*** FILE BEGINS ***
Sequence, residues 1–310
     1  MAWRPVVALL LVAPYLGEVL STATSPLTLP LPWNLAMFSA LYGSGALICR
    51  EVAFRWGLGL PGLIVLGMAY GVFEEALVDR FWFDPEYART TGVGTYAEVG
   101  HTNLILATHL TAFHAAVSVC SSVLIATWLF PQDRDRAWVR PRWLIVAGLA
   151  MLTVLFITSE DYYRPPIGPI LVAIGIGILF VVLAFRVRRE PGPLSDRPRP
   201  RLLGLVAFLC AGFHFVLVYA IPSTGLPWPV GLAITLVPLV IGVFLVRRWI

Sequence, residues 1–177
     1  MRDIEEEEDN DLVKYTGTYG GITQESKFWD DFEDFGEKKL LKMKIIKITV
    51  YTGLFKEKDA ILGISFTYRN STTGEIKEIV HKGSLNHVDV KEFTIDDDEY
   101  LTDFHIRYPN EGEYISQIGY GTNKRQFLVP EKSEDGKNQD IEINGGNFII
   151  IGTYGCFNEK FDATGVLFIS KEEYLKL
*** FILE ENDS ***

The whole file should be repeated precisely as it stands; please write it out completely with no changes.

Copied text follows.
Sequence, residues 1–310
     1  MAWRPVVALL LVAPYLGEVL STATSPLTLP LPWNLAMFSA LYGSGALICR
    51  EVAFRWGLGL PGLIVLGMAY GVFEEALVDR FWFDPEYART TGVGTYAEVG
   101  HTNLILATHL TAFHAAVSVC SSVLIATWLF PQDRDRAWVR PRWLIVAGLA
   151  MLTVLFITSE DYYRPPIGPI LVAIGIGILF VVLAFRVRRE PGPLSDRPRP
   201  RLLGLVAFLC AGFHFVLVYA IPSTGLPWPV GLAITLVPLV IGVFLVRRWI

Sequence, residues 1–177
     1  MRDIEEEEDN DLVKYTGTYG GITQESKFWD DFEDFGEKKL LKMKIIKITV
    51  YTGLFKEKDA ILGISFTYRN STTGEIKEIV HKGSLNHVDV KEFTIDDDEY
   101  LTDFHIRYPN EGEYISQIGY GTNKRQFLVP EKSEDGKNQD IEINGGNFII
   151  IGTYGCFNEK FDATGVLFIS KEEYLKL